Since the release of her critically lauded sophomore album Wounded Rhymes, Lykke Li‘s life has been non-stop. A one-month jaunt around Europe, and the Swedish singer-songwriter was on our side of the world, performing almost nightly. So it’s no surprise that when I sat down with Lykke Li at Vancouver’s Vogue Theatre just hours before her sold-out show, the singer looked exhausted.
“I just arrived today, and I got super wet, so cold,” she said sort of defeated. “I tried to find a hot meal ’cause I was so cold… and I’m doing laundry right now.”
The petite singer is dressed head to toe in black—hoodie, skinny jeans, and ankle boots—her blonde hair slicked back and tucked into the hood of her sweatshirt. Her arrival in Vancouver marks day 12 of her North American tour, and despite the fact that it’s nearly June, it is—as Lykke Li said—raining and cold.
We’re seated on a faded red brocade couch in the basement of the Vogue. Lykke Li is reserved and timid, her mouth barely cracks a smile. One thing I do notice is her saucer-sized eyes; they’re dark but playful, revealing how young the 25-year-old actually is.
“I think what people don’t understand is that when you live this so-called ‘rockstar life,’ it’s a lot of sacrifices,” she says, reflecting on the tour so far. “You’re in the bus with 14 other people, you have no privacy, wearing the same dirty clothes, you shower every fourth day, there’s nothing for your brain.”
She pauses to sigh.
“You sacrifice a lot in order to do it.”
But the singer seems to truly believe that the sacrifices are well worth it. She says that she likes the magic of being on stage, and that performing Wounded Rhymes has been an easy transition because her band hasn’t changed—just one of the many things that are different this time around, as compared to when she toured Youth Novels three years back.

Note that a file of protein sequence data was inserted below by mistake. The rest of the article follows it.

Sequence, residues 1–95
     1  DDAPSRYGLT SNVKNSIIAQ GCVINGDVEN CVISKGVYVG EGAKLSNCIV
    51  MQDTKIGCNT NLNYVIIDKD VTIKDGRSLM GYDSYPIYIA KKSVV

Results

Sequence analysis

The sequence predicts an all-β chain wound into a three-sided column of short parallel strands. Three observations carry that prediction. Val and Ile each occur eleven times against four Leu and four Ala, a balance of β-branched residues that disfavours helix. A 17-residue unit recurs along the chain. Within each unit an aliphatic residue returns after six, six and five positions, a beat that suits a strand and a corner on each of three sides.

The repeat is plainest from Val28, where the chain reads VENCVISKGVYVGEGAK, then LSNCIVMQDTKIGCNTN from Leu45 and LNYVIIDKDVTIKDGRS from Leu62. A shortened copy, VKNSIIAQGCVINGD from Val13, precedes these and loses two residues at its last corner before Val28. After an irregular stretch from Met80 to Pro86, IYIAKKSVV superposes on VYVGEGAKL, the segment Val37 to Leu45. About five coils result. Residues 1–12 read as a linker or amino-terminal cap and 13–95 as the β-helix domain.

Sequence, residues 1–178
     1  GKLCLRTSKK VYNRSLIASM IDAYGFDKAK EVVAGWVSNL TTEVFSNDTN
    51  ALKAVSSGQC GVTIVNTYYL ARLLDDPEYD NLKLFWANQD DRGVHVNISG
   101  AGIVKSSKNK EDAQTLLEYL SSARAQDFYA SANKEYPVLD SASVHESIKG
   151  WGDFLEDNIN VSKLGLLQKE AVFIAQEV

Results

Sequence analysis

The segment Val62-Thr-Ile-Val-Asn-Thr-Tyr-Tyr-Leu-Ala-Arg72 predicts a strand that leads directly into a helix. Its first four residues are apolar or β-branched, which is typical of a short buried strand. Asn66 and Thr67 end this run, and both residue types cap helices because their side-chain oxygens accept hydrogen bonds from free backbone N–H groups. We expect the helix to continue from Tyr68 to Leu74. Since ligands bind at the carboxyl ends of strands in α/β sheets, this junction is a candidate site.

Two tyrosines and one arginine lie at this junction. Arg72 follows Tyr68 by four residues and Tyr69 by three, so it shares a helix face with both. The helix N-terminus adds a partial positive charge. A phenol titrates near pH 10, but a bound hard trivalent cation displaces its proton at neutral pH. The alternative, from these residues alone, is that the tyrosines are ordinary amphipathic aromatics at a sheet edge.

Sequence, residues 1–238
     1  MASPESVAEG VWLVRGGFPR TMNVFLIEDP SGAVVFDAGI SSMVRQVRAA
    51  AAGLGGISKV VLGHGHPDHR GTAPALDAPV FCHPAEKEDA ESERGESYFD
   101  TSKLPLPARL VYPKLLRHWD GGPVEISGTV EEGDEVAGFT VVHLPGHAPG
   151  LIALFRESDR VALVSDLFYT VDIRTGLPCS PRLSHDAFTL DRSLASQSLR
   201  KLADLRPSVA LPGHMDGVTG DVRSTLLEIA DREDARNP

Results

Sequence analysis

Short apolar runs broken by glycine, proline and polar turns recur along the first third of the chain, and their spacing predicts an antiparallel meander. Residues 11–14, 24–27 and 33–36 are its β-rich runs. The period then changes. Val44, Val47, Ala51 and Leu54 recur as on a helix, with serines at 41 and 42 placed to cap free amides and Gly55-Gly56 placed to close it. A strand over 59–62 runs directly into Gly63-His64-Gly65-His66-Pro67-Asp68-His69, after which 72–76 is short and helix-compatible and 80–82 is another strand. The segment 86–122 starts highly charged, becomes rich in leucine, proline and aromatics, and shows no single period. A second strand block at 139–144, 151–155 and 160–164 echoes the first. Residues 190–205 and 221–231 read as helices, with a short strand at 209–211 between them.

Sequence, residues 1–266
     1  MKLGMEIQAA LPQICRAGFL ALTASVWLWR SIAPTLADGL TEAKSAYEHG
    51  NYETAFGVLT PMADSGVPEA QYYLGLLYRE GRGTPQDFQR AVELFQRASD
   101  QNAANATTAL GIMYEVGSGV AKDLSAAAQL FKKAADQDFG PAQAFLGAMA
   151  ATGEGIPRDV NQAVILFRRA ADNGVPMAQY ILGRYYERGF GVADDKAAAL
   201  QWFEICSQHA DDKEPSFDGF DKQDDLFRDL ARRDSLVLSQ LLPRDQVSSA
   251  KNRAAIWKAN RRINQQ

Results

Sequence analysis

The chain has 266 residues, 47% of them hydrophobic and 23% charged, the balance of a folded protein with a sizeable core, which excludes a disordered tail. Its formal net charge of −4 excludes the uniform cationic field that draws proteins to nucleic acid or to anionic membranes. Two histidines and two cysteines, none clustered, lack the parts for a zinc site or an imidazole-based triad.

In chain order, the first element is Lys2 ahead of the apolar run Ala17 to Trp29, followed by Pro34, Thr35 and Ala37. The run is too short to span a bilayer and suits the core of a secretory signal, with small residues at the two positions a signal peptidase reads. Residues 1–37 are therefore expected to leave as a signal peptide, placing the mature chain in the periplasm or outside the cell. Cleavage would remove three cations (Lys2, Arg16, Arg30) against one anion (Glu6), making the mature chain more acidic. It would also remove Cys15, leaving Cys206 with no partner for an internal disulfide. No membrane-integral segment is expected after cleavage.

“Life around me has changed so much, and I feel like I’m heading into deeper territories all the time with the subject change,” she says. “I’m evolving as a person, and I think I’m drawn to different things than I was before.”
Although the 10-track album was written and recorded in sun-drenched Los Angeles over the course of six months, Wounded Rhymes is noticeably darker than Lykke Li’s debut. But according to the singer, this was unintentional.
“I do things through instinct—through lust—so that was what I was feeling at the time, and I only put down what I was going through at the time,” she says. “At the time, I was experiencing some hardships, so I wrote it that way. Then, I wanted to have a very hypnotic sound, to work with layers, so hopefully with each listen, you can find something new, and to have it really alive, that was my only goal.”
When it came to making videos for singles “Get Some,” “I Follow Rivers” and “Sadness is a Blessing,” Lykke Li was as involved in that process as she was in writing and singing the songs.